Lorna Donley & the Veil

Reviews

Lorna Donley & the Veil Time Stands Still LP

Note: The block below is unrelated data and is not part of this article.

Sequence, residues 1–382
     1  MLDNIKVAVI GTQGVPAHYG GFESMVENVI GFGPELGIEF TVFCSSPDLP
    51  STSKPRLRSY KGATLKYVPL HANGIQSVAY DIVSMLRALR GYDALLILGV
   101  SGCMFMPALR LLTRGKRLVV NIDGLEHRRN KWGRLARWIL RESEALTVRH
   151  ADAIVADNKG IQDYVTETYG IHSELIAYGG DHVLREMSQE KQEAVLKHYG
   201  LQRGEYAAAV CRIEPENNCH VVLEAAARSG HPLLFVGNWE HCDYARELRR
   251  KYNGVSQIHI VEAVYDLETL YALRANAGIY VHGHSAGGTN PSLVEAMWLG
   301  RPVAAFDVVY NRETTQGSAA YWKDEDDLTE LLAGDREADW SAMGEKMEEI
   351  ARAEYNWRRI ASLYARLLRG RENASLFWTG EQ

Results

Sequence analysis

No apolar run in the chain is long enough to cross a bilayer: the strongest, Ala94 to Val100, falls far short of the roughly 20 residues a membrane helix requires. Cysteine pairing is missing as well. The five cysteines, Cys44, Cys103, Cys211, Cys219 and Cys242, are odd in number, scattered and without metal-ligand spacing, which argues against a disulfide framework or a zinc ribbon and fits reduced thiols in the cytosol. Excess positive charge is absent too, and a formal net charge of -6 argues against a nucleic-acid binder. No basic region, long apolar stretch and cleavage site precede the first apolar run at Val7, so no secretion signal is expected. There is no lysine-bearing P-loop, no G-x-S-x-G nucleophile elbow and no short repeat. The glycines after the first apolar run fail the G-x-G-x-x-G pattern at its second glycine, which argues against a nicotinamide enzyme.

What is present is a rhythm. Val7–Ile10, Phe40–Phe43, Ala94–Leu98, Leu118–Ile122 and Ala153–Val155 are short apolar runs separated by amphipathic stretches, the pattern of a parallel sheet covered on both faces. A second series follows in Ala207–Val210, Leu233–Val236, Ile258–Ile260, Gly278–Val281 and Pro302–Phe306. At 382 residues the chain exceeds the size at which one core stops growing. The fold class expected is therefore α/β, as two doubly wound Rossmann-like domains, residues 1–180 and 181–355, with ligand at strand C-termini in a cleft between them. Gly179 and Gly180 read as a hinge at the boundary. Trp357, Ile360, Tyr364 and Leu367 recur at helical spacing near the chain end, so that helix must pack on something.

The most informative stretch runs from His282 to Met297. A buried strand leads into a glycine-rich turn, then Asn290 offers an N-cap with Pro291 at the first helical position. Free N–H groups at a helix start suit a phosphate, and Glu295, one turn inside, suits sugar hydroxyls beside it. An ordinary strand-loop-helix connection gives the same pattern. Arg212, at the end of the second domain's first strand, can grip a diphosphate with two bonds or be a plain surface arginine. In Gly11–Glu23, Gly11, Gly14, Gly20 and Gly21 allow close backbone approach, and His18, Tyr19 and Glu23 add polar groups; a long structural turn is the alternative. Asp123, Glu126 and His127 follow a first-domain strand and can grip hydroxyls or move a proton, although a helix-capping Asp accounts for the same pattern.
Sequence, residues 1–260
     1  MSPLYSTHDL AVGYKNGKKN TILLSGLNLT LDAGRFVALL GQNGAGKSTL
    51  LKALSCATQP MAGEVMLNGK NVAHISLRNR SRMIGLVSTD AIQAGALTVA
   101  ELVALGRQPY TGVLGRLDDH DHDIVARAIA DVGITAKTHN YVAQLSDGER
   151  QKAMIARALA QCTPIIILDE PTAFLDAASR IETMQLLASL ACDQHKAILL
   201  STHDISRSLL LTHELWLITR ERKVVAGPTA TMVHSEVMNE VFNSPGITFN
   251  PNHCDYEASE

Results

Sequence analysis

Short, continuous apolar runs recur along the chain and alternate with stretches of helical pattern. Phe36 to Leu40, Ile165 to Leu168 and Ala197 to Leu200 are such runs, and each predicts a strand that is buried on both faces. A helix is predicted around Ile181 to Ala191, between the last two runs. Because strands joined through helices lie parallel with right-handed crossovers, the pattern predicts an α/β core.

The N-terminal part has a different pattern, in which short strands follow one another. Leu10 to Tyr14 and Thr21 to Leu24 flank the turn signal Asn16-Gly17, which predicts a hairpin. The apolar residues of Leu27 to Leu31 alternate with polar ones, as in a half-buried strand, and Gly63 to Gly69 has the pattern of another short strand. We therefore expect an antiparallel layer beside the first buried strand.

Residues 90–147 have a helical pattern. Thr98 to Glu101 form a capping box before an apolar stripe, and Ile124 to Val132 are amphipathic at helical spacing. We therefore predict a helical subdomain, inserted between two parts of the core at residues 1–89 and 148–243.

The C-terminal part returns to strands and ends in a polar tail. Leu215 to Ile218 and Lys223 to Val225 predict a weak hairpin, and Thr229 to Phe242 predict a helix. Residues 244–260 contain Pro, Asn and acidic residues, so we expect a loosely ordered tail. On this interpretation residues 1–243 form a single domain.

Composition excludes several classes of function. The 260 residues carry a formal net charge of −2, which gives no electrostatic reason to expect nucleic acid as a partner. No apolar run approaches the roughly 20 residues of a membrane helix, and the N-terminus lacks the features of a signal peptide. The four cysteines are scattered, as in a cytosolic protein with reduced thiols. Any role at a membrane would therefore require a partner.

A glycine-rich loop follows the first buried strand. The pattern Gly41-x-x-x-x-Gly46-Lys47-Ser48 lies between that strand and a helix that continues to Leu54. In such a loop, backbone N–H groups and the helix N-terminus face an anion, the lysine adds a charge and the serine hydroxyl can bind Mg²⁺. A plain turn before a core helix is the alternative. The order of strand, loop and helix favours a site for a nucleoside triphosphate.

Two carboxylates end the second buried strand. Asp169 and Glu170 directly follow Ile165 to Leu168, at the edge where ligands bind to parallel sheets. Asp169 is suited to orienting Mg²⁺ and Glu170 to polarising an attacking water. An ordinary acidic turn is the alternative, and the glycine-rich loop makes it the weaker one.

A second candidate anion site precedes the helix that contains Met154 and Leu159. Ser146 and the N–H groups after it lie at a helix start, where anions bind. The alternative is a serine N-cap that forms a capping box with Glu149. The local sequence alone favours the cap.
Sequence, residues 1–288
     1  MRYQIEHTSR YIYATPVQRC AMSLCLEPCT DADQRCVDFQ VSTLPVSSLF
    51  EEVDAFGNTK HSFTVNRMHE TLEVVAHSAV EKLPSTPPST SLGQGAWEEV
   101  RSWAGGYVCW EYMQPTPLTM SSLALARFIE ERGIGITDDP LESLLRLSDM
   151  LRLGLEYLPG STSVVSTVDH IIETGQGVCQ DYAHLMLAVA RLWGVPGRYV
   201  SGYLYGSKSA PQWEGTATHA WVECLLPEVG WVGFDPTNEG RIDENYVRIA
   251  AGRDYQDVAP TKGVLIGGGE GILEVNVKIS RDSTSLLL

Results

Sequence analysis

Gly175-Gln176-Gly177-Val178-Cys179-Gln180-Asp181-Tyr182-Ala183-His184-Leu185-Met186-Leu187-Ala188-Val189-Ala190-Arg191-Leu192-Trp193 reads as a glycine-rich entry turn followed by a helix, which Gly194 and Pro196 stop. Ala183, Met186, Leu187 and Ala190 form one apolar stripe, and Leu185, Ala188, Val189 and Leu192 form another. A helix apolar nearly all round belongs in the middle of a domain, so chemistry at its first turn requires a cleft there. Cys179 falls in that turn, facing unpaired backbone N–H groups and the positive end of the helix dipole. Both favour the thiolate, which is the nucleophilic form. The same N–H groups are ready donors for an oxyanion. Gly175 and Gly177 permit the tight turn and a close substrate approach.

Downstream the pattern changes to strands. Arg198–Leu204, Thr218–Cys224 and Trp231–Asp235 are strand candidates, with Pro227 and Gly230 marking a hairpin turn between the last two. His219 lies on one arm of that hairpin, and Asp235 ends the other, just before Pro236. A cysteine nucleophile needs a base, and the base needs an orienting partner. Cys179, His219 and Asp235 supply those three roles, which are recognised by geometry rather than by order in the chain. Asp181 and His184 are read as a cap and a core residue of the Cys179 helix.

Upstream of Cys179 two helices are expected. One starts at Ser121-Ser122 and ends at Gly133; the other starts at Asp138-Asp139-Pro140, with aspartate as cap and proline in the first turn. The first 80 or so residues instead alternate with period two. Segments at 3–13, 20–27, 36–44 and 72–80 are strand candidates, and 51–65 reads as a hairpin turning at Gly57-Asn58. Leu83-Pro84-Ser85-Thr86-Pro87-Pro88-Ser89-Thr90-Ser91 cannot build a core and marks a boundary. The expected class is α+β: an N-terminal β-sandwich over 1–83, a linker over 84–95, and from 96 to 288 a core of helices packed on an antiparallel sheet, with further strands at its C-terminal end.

Anglophilic Chicago post-punks DA broke up not long after the release of their 1982 Time Will Be Kind 12”, and by 1986, vocalist/bassist Lorna Donley and guitarist David Thomas had regrouped in a new project called the VEIL, tabling much of DA’s AU PAIRS/SIOUXSIE-style starkness in pursuit of something more unabashedly pop-oriented. The VEIL recorded throughout the late ’80s while trying to grab the brass ring of a major label deal, but never managed any kind of official release before ceasing to exist in 1989, with the ten selections on Time Stands Still actually having been first culled from an archive of cassettes that Thomas had surrendered to a thrift store. There’s a faint DA-shaped shadow cast over “Offa My Blox,” with its tense guitar/bass interplay and Donley’s solemn but powerful vocals, and to a lesser extent, the moody “A.C. Radio” (minus its ’80s radio-ready guitar solos), but just don’t expect any companion pieces to the icy and dead-serious classic “Dark Rooms,” as what’s on offer here is fairly straightforward and very much of-the-era new wave/college rock. There’s admittedly some duds in the mix (Thomas taking over the mic on “Your Hand in Mine” was not a great call), but there’s also some real gems—“Time Stands Still” and “Crack the Sky” follow in the strong Midwestern power pop tradition of SHOES and the SHIVVERS, and “Hold Me” is the sort of massively hooky and pleading jangle-rock belter that should have been in heavy rotation on Dave Kendall-era 120 Minutes in between, like, ROBYN HITCHCOCK and THROWING MUSES. A true historical excavation, with all respects due to forever-icon Lorna Donley (rest in power).